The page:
• China has been somewhat off the radar screen for a while, after all the drama around its currency devaluations in August 2015 and January 2016. Headline growth numbers mostly came in as expected last year, and the latent threat posed by a debt-GDP ratio still over 230 percent goes mostly unnoticed in the daily discourse. But the problems have not disappeared. Arguably the most revealing indicator of all not being entirely well in the world’s second largest economy is the steady pressure of capital outflows, resulting in a decline in foreign exchange reserves from over $4 trillion in 2015 to just over $3 trillion now. The People’s Bank of China, the central bank, has worked diligently to support the domestic currency through reserve sales (most of which consist of U.S. Treasury securities), but monthly outflows show little sign of abating. Meanwhile, the global economic fortunes of China along with other key emerging markets in Asia, Latin America and elsewhere hinge on the unknown outcome of potential protectionist policy coming out of Washington. It may be another volatile year for this asset class, where higher than average risks may not yield acceptably commensurate risk-adjusted returns.
• Along with the crazy spikes in financial and resource stocks late last year, soaring bond yields were the other notable talisman of the “reflation-infrastructure” trade. Both the 2-year Treasury note, a ready proxy for monetary policy expectations, and the intermediate 10-year note are comfortably at their twelve month highs, and the 2-year yield is higher than it has been at any time since 2009. Of course, one of the iconic images for 2016’s quirky scrapbook is the all-time low set by the 10-year yield in July (all-time low meaning “since the American Republic started issuing its own debt in the late 18th century” low). We do not expect to be revisiting that multi-century accomplishment anytime soon, and think it likelier than not that the secular bond bull that began in 1982 is close to its final days. Fixed income portfolios will likely be challenged in 2017. That being said, though, and notwithstanding expectations of multiple Fed moves this year, we do not see bond yields moving towards historical averages any time soon (the average yield on the 10-year bond over the past thirty years, for example, is 5.1 percent). As we noted above, economic conditions still appear not remarkably different from how they looked one year ago. The secular stagnation theme that many observers summarily discarded in the immediate aftermath of the Trump victory has not, in our view, lost its usefulness as a way to explain the lackluster pace of organic economic growth. However challenging, fixed income will continue to be a necessary component of diversified portfolios for risk management and income purposes.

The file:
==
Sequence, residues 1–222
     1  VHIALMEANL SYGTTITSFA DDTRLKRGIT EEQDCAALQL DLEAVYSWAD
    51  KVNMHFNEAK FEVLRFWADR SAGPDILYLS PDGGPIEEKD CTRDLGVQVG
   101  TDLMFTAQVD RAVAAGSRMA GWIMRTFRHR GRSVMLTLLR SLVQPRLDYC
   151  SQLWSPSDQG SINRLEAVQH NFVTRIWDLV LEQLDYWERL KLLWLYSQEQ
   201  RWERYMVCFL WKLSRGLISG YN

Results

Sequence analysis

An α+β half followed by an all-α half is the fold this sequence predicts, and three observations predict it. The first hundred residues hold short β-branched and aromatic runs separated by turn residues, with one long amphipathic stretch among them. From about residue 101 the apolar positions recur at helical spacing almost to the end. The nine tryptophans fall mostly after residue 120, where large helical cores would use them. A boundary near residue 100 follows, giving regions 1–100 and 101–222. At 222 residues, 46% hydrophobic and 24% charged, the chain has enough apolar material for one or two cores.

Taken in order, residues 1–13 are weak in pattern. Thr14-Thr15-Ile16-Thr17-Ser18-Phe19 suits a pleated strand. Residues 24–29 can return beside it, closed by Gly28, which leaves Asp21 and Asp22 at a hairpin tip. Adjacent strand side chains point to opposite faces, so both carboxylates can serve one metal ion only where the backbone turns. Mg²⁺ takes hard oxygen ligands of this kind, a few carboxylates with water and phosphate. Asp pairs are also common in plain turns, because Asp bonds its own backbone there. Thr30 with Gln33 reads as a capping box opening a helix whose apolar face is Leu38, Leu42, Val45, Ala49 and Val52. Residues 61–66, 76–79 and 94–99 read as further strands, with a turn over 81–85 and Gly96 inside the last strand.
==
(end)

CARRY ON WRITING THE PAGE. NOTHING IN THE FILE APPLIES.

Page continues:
• In summary, while we have profound concerns about how markets will evolve over the coming years – concerns we elaborate in more detail elsewhere in our Annual Outlook – our base case for 2017 attaches a relatively low likelihood to either a robust bull market or the onset of a multi-period bear market. High valuations will continue to rein in upside growth, according to this view, while the macroeconomic climate continues to slowly improve and corporate earnings should at least stay modestly positive, providing support against sustained drawdowns. However, we do regard our base case view as subject to a potentially more volatile dose of X-factors than normal, and the actualization of one or more of these unknown variables could profoundly impact our assumptions and cause us to reevaluate our expectations. We don’t expect a massive trade war to send the world back into nation-state fortresses of closed economies, for example. But merely having to articulate that this is a not-totally-out-there possibility raises the mercury on our X-factor measuring stick. Things that have simply not mattered much to markets in recent years – geopolitics being an excellent example – may force themselves back onto investors’ radar screens with real consequences. Our recommendation is simply this: plan for the likely, but imagine the unimaginable.